These women know the real price of cheap high street fashion

Survivors of the world's worst garment factory accident, struggle to rebuild their lives from the rubble of the Rana Plaza collapse as Bangladesh prepares to mark the first anniversary of the disaster.

 Visitors look at the medieval inventor Al Jazari’s water-powered Elephant Clock. The clock is on show at the 1001 Inventions exhibition at Sharjah Expo Centre. Photos Antonie Robertson / The National

1001 Inventions: in praise of Islam’s gifts to the world

Down the centuries, from camera obscura to designing a sail that allowed early seafarers to tack into the wind, Muslim scientists have made many significant contributions to science. Rym Ghazal and Asmaa Al Hameli visit an exhibition in Sharjah that celebrates those contributions

 Mumbai Indians fans cheer they team on the opening match between Mumbai Indians and Kolkata Knight Riders in IPL 2014 at Zayed Cricket Stadium in Abu Dhabi. Ravindranath K / The National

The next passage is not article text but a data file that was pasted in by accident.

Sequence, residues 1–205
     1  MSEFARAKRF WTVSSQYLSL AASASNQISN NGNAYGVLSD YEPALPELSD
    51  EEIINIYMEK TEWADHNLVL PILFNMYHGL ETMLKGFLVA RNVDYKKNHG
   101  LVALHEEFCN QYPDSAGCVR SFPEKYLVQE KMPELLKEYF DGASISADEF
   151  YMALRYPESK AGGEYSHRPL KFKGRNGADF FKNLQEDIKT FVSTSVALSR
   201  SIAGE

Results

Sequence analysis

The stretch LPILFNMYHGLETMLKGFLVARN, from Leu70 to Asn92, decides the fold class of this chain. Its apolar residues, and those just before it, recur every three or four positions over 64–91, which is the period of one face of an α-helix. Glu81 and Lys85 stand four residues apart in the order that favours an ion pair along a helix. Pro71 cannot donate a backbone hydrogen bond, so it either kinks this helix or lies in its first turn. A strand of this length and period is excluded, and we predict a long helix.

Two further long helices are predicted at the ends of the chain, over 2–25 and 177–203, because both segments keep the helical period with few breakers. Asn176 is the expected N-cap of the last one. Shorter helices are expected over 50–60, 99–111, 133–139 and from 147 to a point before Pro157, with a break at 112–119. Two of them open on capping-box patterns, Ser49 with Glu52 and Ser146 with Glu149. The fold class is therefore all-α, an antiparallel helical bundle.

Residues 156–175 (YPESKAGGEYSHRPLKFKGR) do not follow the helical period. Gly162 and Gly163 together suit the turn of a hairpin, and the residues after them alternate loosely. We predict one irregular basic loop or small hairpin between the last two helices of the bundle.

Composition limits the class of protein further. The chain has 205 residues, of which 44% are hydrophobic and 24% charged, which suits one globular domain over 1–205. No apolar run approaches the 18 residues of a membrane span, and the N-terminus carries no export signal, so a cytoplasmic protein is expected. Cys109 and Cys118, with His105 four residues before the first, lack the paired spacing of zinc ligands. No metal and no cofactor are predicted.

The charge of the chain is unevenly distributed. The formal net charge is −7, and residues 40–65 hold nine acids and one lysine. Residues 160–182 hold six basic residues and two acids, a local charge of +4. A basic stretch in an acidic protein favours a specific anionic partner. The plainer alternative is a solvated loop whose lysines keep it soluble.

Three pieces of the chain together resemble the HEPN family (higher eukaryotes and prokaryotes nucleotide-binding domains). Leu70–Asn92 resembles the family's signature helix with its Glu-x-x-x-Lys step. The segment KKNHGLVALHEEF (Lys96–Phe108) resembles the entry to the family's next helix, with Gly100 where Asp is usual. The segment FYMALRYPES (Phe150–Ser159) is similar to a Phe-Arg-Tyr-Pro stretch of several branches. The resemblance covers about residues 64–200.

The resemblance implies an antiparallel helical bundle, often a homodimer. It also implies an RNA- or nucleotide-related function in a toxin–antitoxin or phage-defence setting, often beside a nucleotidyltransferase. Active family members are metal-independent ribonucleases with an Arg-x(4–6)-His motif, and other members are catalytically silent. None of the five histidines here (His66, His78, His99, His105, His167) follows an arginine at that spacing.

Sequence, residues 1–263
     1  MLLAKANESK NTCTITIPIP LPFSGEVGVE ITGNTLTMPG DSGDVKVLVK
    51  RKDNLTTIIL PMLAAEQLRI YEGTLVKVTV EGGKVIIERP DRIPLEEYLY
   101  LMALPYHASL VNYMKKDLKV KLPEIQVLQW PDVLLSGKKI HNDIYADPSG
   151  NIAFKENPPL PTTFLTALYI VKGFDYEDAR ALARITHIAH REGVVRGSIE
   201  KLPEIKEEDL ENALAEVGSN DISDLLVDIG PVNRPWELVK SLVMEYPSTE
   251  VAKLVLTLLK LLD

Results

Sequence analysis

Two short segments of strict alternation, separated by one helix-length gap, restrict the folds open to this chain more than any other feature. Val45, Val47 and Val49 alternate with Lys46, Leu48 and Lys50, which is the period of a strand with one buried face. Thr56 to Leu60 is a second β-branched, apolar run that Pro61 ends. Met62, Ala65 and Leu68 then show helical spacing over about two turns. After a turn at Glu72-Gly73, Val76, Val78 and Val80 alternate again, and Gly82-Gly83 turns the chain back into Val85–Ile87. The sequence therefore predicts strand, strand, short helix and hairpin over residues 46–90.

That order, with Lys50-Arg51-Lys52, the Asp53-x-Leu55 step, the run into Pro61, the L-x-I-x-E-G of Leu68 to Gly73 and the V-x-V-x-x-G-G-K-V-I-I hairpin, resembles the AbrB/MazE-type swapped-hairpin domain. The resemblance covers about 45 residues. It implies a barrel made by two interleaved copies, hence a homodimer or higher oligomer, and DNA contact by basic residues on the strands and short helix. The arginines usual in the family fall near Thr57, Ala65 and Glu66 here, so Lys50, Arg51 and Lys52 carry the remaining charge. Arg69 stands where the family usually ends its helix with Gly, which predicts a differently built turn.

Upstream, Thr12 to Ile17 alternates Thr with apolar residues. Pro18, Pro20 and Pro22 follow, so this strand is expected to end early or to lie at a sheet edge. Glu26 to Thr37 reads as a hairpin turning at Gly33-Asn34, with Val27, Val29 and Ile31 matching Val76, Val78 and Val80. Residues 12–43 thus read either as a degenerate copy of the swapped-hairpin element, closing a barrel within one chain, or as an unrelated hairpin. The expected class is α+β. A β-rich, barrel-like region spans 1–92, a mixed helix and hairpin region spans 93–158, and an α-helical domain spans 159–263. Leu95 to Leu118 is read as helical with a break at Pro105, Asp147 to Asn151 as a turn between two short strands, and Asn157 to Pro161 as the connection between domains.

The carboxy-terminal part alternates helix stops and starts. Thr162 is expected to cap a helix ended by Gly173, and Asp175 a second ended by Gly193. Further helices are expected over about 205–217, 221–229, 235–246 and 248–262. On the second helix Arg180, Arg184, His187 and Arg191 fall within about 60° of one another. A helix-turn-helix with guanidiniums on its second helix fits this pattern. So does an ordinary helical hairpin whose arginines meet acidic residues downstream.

Earn cash back with the IPL cricket in the UAE

Dunia finance promotion allows cricket lovers to earn up to 6 per cent unlimited cash back on any spending they make on a day when an IPL match is played in the UAE.

 Iranian workers at the Iran Khodro auto plant in Tehran on March 18. Maryam Rahmanian for The National

Iran’s love of cars survives devastating sanctions

Sanctions and energy subsidy reductions might have hurt the Iranian automotive industry. But car makers at one factory are still optimistic, Yeganeh Salehi reports from Tehran

 This comparison image shown on Reddit annotated the objects with vehicles from the movies.

Disney confirms that Star Wars: Episode 7 is filming in Abu Dhabi desert

Disney yesterday confirmed that the filming of Star Wars: Episode 7 is taking place in the desert in Abu Dhabi.


To add your event to The National listings, click here

Get the most from The National